Of course, this is perhaps asking too much. California, along with the EPA and most countries in the world, is taking on a monumental task in trying to measure the various gases its residents, industries, and animals emit into the air. No such inventory is going to be completely comprehensive or exact, nor do we have the time for such demanding perfectionism even if it were possible. What we need is an inventory that captures, as accurately as possible, the major sources of GHGs and their proportionate contribution to total emissions, so that we can make informed policy decisions about what reductions will have the most impact. That being said, if we neglect entire categories of emissions, such as abandoned wells, we might skew the emissions portfolio and miss opportunities for easy reductions.
States are not the only players that need to address these issues. In March 2014, the White House released the latest piece of its Climate Action Plan – its Strategy to Reduce Methane Emissions. The strategy outlines several planned actions to reduce methane emissions, both at home and abroad, including reducing fugitive emissions from the oil and gas sector and from coal mines. This summer, on August 18, 2015, EPA followed through on this strategy when it released proposed regulations of new and modified sources in the oil and natural gas industry. The proposed regulation updates the 2012 New Source Performance Standard (NSPS) that set standards under the Clean Air Act for volatile organic chemicals (VOCs). The 2015 proposed amendment would add standards from methane emissions and would also apply these standards to emissions sources the 2012 rule did not cover: completion of hydraulically fractured oil wells, pneumatic pumps, and certain equipment used at natural gas transmission compressor stations and storage facilities, and, notably, equipment leaks (fugitive emissions).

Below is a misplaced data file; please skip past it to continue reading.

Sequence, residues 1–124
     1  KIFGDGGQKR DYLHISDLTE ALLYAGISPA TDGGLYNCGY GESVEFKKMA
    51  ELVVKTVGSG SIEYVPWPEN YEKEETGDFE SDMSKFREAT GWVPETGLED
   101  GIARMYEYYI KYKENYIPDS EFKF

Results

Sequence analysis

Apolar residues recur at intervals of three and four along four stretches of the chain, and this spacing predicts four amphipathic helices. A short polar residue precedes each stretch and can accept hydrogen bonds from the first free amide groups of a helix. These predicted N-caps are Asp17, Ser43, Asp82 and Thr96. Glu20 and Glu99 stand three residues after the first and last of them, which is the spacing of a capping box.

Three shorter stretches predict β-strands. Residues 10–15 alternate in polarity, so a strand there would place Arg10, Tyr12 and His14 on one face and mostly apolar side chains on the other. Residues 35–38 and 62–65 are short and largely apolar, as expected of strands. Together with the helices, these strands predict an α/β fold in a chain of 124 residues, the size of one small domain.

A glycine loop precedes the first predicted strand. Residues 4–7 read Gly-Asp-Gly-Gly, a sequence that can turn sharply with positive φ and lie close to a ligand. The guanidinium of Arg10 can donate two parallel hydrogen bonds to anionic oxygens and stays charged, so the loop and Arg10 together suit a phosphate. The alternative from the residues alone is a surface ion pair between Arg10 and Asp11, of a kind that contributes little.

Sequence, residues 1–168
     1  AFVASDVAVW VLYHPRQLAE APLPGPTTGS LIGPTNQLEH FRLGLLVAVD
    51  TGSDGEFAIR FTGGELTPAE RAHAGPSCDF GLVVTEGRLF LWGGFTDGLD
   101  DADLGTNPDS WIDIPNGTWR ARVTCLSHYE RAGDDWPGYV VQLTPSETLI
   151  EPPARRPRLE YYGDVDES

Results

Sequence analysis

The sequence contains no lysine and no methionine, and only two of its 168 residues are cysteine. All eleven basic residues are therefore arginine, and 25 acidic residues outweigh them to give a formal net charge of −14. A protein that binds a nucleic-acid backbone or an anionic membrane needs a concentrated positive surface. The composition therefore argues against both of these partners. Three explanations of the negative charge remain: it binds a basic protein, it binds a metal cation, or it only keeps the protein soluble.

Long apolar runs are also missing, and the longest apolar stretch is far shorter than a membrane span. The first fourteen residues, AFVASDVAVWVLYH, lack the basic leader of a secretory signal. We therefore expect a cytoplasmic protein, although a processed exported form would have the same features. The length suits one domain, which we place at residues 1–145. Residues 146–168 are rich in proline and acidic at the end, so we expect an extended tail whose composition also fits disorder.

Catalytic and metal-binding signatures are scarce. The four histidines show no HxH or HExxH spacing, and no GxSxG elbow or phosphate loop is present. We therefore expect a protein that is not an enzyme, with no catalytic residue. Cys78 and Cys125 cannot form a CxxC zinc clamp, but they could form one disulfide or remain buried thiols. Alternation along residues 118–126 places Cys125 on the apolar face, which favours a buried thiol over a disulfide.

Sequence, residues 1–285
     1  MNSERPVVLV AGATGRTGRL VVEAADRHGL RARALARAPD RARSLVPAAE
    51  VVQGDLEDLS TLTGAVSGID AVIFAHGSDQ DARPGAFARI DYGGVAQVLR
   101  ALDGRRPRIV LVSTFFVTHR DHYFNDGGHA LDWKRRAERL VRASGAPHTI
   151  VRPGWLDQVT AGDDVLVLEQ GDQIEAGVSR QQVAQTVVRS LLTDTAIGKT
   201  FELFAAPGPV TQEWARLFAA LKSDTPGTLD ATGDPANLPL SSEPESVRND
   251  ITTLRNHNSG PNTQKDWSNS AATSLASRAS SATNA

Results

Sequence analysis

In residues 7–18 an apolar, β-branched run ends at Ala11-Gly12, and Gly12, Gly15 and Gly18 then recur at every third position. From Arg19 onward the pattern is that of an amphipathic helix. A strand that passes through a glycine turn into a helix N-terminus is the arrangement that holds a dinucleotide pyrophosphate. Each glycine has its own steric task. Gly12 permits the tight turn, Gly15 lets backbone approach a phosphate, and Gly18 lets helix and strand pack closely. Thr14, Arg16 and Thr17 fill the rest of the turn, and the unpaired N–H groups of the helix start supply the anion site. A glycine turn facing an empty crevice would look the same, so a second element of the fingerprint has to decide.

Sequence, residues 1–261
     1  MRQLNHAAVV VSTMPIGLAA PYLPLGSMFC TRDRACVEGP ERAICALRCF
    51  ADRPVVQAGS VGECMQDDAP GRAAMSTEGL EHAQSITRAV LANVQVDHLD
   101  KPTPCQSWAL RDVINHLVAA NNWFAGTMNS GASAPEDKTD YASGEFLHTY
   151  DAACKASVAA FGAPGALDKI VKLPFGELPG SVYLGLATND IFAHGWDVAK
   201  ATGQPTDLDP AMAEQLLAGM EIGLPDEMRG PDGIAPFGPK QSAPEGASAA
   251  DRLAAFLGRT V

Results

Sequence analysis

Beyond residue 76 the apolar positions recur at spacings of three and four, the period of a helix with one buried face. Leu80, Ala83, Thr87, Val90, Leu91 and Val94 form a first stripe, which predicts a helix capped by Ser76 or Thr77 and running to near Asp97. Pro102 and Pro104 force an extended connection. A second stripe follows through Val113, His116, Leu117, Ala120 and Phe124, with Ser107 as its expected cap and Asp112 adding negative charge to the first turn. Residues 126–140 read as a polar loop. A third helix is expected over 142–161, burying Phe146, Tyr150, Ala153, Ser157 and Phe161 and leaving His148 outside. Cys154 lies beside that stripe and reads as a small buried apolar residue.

These are very important additions to the NSPS for oil and gas, but they will only apply to new or significantly modified facilities. As noted in my last blog post, the wells and pipes most vulnerable to leaks are the oldest ones, like the one at Aliso Canyon. Although it stopped short of issuing methane emission standards for existing sources, EPA did new guidelines for states to determine the “reasonably available control technology” (RACT), the emission standard for sources in nonattainment areas, for VOCs in ozone nonattainment areas. Many of these technologies also reduce methane emissions, so EPA is indirectly requiring methane reductions at existing sources. But these guidelines do not require the maintenance and repair of aging infrastructure, the only thing that would have prevented Aliso Canyon. And from an initial review of the new source standards, those also only require repair and replacement of equipment after a leak is detected. Not all repairs will take four months, but as those of us in Los Angeles just saw, it only takes one to cause a crisis.
Sarah Duffy is a Shapiro Fellow in Environmental Law and Policy at UCLA School of Law. Her research interests include water conservation, state-level climate change poli…READ more